December 14, 2017 – In America, the drug epidemic has had far-reaching effects on society. This week, an area health provider shared insight into how the crisis is impacting care in its emergency room.
On average, approximately 142 people die each day from a drug overdose in the nation. According to Penn Medicine, Chester County Hospital is taking steps to address the challenges associated with the opioid epidemic.
Adjustments include making Narcan more accessible in the emergency room, dedicating two rooms for resuscitation for overdose patients, and having social workers on location around the clock:
Having options for these patients at such times is critical, says [Jeanmarie Perrone, MD, professor of Emergency Medicine and director of Medical Toxicology at Penn Medicine]. She has been advocating for medication-assisted treatments, such as Suboxone, an opioid agonist-antagonist, in Penn’s emergency departments and primary care clinics, as well as the appropriate trainings for doctors who would be able to administer them.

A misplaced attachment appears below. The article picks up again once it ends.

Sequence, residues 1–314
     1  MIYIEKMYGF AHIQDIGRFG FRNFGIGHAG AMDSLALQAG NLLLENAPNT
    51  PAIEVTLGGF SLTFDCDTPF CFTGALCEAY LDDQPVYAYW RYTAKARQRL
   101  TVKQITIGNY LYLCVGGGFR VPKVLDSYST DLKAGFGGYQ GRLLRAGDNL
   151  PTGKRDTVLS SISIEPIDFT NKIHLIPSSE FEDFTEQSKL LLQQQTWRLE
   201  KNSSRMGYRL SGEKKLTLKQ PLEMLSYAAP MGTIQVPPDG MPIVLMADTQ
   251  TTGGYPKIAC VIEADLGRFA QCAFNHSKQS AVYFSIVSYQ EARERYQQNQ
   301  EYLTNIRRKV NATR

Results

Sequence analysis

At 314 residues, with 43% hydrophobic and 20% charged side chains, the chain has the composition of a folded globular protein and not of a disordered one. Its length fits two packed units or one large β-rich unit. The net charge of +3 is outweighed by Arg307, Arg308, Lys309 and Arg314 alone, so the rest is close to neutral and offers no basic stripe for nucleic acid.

“If we are able to start them immediately on an opioid replacement treatment, they can have a chance at feeling what treatment is like, that they can do it, and they won’t have withdrawal symptoms all the time,” Perrone said.
Perrone is also helping Penn Presbyterian Medical Center establish a “Center of Excellence,” which will use state funding for specific space in the hospital for people with opioid addictions, ensuring they stay in treatment, and receive care and support. Chester County Hospital currently refers patients to other agencies and facilities to provide the follow-up treatment necessary to prevent relapsing.
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Read the full story from Penn Medicine.